Latitude Day One
There’s a sense of optimism as festival goers arrive for the first day of the seventh Latitude festival. Despite one of the wettest summers on record and scenes of mud-soaked chaos at other music festivals, early arrivals at Henham Park at least managed to set up camp in the dry and with the sun even making a rare appearance.
With forecast of rain set for the remainder of the weekend, campsites and roads leading to the venue seemed busier than normal, though preparation work on site seems to have paid off, with both campsites and car parks in good condition.
Thursday’s programme is always an interesting insight into the feel of the festival, as festival goers begin to explore the site.
Former Housemartins and The Beautiful South front man Paul Heaton was one of the first major names to take to the stage with The 8th, a contender for one of the longest songs ever written. Part gospel, part rock, part musical and part drama, Heaton is joined by a wealth of musical talent as he looks at the seven deadly sins and there impact on modern life. It’s a piece packed full of motifs familiar to fans of Heaton’s previous work but also an exiting development in the use of song writing to deliver a strong narrative.
Elsewhere on site, the usual eclectic mix of events were taking place in corners of the park. A large and appreciative audience braved the drizzle on The Waterfront Stage as local youth group Aldeburgh Young Musicans thrilled them with a lively mix of jazz and world music. Made up of 20 young musicians, all aged under 18, from across East Anglia, the group are one of many local groups being showcased across the four days.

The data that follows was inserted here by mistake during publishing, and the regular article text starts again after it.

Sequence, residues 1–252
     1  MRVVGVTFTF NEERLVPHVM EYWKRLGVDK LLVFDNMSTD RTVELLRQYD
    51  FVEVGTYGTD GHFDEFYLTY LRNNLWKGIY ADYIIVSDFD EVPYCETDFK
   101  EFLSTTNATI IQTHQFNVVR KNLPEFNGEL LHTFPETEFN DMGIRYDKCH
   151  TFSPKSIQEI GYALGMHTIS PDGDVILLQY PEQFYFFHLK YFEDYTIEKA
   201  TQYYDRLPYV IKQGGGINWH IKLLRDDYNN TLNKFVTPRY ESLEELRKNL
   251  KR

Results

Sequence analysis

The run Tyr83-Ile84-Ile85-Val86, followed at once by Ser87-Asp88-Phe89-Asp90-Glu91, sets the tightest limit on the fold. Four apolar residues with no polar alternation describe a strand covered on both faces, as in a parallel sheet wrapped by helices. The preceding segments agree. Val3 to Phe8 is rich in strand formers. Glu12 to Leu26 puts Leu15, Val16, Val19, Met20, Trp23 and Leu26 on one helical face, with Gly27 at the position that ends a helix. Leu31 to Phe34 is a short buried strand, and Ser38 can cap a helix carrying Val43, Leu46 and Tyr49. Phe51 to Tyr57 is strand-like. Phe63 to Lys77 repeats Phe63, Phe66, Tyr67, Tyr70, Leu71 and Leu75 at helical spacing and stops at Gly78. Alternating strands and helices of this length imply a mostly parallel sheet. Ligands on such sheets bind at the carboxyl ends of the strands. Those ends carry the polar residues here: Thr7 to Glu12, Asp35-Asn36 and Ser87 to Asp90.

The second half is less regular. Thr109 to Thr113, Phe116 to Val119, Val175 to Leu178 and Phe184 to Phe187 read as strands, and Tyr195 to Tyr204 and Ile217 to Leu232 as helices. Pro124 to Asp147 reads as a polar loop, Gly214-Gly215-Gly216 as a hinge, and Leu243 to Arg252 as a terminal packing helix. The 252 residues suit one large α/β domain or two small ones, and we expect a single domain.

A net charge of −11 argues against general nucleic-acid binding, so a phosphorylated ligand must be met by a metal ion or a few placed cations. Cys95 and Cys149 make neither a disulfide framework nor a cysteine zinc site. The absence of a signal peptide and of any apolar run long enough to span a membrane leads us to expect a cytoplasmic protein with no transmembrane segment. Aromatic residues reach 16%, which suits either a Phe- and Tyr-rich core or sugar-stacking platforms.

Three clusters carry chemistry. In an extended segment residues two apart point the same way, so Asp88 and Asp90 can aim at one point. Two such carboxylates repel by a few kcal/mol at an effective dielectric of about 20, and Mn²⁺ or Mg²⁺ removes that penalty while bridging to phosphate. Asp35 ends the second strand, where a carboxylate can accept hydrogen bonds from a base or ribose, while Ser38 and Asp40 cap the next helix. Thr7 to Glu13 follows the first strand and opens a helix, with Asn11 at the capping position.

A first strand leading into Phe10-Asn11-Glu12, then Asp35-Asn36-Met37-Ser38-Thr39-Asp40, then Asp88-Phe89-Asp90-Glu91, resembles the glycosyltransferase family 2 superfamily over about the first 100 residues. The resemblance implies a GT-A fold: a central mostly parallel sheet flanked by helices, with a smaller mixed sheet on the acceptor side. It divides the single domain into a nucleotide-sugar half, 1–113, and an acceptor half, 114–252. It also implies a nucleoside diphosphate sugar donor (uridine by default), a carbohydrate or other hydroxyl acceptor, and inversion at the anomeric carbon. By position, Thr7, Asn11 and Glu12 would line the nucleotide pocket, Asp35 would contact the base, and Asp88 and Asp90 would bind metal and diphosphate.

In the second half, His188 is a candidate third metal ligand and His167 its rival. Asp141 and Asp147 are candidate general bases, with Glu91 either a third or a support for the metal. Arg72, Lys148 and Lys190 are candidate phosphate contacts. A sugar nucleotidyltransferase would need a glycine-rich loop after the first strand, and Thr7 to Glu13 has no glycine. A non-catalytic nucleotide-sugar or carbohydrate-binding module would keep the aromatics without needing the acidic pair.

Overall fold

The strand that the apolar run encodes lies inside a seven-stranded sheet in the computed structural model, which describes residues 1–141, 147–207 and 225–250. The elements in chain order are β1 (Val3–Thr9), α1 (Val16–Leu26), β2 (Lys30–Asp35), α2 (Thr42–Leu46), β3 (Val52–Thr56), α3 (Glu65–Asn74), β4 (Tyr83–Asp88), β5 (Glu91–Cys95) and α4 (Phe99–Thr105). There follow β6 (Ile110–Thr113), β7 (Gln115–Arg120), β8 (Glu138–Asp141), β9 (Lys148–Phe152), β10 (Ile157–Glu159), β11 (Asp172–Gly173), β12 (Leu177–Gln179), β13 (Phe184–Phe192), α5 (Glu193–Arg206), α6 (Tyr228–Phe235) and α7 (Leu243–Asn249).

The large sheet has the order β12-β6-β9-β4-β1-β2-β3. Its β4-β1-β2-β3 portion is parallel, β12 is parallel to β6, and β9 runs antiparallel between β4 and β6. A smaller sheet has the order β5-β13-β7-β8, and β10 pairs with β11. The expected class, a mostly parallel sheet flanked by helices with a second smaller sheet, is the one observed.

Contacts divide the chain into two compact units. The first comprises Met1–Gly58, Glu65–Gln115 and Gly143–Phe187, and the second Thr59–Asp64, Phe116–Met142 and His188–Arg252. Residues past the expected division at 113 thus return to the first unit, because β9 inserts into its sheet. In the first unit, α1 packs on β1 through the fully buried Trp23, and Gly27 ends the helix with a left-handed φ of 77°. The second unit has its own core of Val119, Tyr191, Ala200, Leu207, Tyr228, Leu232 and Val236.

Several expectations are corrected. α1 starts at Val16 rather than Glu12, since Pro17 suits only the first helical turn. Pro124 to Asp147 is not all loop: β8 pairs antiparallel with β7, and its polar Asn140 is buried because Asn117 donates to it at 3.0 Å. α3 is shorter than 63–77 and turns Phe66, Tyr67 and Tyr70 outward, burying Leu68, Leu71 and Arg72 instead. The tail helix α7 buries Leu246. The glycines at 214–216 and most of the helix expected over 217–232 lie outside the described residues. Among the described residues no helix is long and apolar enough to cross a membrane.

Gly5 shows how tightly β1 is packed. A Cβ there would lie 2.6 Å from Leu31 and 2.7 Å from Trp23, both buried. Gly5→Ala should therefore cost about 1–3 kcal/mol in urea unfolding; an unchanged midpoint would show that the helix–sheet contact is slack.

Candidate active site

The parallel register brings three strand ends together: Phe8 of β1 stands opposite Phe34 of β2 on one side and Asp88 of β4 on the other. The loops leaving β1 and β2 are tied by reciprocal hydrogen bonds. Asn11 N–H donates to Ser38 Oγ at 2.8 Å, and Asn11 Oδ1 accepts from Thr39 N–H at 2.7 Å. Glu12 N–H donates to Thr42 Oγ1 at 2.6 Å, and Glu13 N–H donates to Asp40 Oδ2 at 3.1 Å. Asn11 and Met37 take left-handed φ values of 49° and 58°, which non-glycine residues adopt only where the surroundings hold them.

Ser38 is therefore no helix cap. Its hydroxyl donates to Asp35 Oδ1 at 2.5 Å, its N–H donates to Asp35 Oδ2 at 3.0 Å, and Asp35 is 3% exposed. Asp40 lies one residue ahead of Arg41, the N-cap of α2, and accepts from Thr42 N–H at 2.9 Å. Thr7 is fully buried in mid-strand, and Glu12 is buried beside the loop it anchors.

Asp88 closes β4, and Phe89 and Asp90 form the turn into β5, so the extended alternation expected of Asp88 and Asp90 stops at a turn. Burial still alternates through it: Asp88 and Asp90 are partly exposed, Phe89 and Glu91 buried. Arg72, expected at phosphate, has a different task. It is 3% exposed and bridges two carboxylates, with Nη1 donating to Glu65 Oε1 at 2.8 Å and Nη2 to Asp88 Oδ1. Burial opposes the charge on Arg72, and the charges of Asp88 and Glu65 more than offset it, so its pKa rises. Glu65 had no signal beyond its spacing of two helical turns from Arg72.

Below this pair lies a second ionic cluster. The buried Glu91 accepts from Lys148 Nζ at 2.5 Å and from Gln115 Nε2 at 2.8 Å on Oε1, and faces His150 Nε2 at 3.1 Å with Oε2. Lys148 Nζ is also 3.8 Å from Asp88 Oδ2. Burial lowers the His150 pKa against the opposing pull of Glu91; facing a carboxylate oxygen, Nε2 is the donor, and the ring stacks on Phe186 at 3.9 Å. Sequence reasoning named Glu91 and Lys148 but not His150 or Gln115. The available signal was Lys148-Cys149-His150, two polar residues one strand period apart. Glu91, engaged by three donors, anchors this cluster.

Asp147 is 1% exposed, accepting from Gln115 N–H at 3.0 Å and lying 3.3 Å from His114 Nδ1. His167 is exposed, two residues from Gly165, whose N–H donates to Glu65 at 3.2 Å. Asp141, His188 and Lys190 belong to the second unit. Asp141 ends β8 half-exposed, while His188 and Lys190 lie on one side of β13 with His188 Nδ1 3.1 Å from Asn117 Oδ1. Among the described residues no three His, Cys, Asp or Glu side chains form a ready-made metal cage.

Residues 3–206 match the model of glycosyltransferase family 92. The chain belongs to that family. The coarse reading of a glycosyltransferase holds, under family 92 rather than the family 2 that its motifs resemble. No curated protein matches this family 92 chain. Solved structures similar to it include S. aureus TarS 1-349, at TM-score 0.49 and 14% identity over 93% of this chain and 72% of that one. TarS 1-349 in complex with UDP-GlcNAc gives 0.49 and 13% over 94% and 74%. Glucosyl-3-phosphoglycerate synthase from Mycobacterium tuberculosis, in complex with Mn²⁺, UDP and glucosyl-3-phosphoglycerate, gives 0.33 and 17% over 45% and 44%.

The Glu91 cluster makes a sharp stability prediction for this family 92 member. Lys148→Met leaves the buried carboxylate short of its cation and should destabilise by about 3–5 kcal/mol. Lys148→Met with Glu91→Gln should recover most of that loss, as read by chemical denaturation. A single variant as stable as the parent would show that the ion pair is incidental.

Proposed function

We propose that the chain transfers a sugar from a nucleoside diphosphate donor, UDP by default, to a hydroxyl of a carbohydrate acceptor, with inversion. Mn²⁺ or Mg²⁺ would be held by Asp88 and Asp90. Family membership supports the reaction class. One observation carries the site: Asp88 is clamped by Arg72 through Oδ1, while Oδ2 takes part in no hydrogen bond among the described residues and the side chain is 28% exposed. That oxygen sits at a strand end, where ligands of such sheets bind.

There can’t be any other festivals that would see a large group of revellers dancing in the rain outside a ‘disco shed’ at 11pm at night but as Colchester lad Dermott O’Leary kicked off his Indie Disco in the early hours, Latitude had well and truly launched.
— Glen Pearce — Follow Glen’s Latitude Tweets on Twitter @glenpearce1
Glen’s website blog: www.glenstheatreblog.com
Glen Pearce is based in Suffolk and his reviews focus on the vibrant arts scene in East Anglia but also cover frequent trips to London and beyond. On average he sees around 150 shows per year, from small scale fringe shows to major West End productions.
Glen trained at the Central School of Speech and Drama and has worked as a stage manager, lighting designer, box office, front of house, in theatre management and arts marketing. He has reviewed for the regional newspapers in East Anglia.
In addition to his own blog he also contributes to OneSuffolk, blogs for Arts Professional Magazine, contribute to UpTheWestEnd.com and is also the resident theatre critic for BBC Radio Suffolk’s Drive Time show.
He is also the South East Regional Editor for ThePublicReviews.com